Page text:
Joanne O’Riordan: Sport too greedy and self-serving to see through wily Putin

World’s sporting bodies have long been used by the Russian leader for his own nefarious ends

Imagine Gianni Infantino going for a stroll down some fancy promenade by an expensive beach in Doha.

He gets the phone call he's dreaded for some time now – Russia and Putin aren't all they're hyped up to be, and he'll have to publicly condemn them and possibly throw them out of World Cup qualifying, and his Uefa counterparts will eventually have to do the same but with Spartak Moscow in the Europa League.

It’s tragic when you think you know someone and they turn out to be the exact thing everyone has warned you about.

Here’s the truth. For a very long time, the sporting world, at some stage, has stood back and let Russia conspire, manipulate, bribe, cheat and throw their weight around.


After the incredible reports started to emerge about state-sponsored doping, the IOC jumped through so many hoops to ensure Russia had the opportunity to compete in some capacity.

Sure, the athletes technically were only wearing white, blue and red, competing under some variation of the word Russia and their anthem was replaced by Tchaikovsky's Piano Concerto. The IOC really did their best given the horrible circumstances, and I'm sure Thomas Bach personally hand-delivered that message to Putin himself.

How about football, then? Gianni was super excited to announce that Football Kenya Federation and the Zimbabwe FA were banned because of government influences. For context, the government intervened after CAF and Fifa failed to properly investigate claims of fraud in Kenya and claims of sexual harassment in Zimbabwe.

Infantino, however, understands the powerful of football. He did have the liathróidí to stand up in front of the Council of Europe and suggest the proposed biennial World Cup would stop migrants fleeing for their lives by risking everything to travel across the Mediterranean. It's unconfirmed how exactly migration and football are related, but always two steps ahead, Gianni will surely have the answers.

Uefa also took swift action. Sure, it was impossible to take seriously the 'no to war' or 'peace please' during games that were brought to you by Gazprom, but it showed the growing gulf between those in power who don't know right from wrong versus those at the bottom who have suffered because of football's desire for money, no matter what the cost.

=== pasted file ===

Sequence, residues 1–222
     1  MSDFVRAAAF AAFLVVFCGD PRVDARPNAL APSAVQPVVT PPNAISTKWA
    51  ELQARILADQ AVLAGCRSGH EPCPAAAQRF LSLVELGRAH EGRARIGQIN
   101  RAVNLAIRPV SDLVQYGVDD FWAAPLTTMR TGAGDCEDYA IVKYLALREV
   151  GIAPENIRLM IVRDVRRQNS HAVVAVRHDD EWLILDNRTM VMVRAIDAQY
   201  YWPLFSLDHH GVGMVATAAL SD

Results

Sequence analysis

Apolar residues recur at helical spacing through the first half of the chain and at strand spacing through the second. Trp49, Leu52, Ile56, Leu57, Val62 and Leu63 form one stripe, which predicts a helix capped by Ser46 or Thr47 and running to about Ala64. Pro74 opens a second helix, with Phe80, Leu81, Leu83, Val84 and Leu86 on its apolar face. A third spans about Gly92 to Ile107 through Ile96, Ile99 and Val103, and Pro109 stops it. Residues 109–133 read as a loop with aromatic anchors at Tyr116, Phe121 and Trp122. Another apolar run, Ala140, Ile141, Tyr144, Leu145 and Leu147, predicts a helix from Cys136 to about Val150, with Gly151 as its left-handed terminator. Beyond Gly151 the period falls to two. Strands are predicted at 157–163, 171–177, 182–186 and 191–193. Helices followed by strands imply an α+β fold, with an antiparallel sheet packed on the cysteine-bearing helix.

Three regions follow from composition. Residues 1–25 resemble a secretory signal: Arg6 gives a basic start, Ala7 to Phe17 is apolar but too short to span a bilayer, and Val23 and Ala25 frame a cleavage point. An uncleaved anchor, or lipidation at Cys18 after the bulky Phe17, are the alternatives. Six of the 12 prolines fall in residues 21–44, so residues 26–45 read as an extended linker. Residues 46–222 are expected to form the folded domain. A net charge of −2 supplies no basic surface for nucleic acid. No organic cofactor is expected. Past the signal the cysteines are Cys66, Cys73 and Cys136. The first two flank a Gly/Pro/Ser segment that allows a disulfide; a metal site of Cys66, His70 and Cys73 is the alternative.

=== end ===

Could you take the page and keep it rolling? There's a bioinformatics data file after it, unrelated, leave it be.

The players and fans were brave. A lot of reactions aren’t feel-good did-my-part went-to-McDonalds-after protests, but were heartfelt and made it clear that these players are by-products to sportswashing.

Perfect distance

And what about Roman Abramovich? Mr A to Putin himself, Chelsea owner and Russian oligarch to the rest of us.

While Abramovich himself is a degree of separation from the Kremlin, it's hard to take it seriously when he tries to distance himself from Putin while volunteering himself for peace talks at the Belarussian border. I'm sure Vladimir would let any old average Russian oligarch take charge to co-organise peace talks, so fair play to Roman for trying to do so.

Now there’s a war, an invasion, an attempt to strip democracy apart piece by piece, and nobody has time for football or sport pretending it’s really going to think about its place between the powerful and powerless.

Lives are being lost, and we all know the power of bad news when it's geographically closer to your doorstep. Saudi Arabia/United Arab Emirates attacking Yemen daily is the perfect distance away for you to not think about it, but Ukraine is right there.

We know sportswashing has been going on right under our noses. Few cared overly when it was happening in Europe, where democracy and freedoms are the supposed norms rather than the privilege. But it happened in Europe, and we all saw it. Russia was growing and bolstering itself throughout the Winter Olympics and Paralympics in Sochi 2014 and during the Fifa World Cup in 2018.

Gianni sat there, Thomas Bach sat there, and Ceferin sat there, all next to a gleaming Putin. Putin didn’t cripple his own economy, dope his own athletes and keep the troublemakers in Russia at bay for nothing. He did it for the world to see.

We were all brought along for the ride while he plotted and planned behind the scenes. He did it to look cool, relatable, and a typical leader, the same way his advertisements in Russia consist of him getting a black belt in judo, giving Steven Segal citizenship and riding horseback topless.

Sport was just too greedy and too self-serving to see this. We all were distracted by the tiny toy. Future governance, laws and policies have to be drafted to stop this from happening. Sport shouldn’t be a tool for the powerful, and it should never take the voice away from the powerless.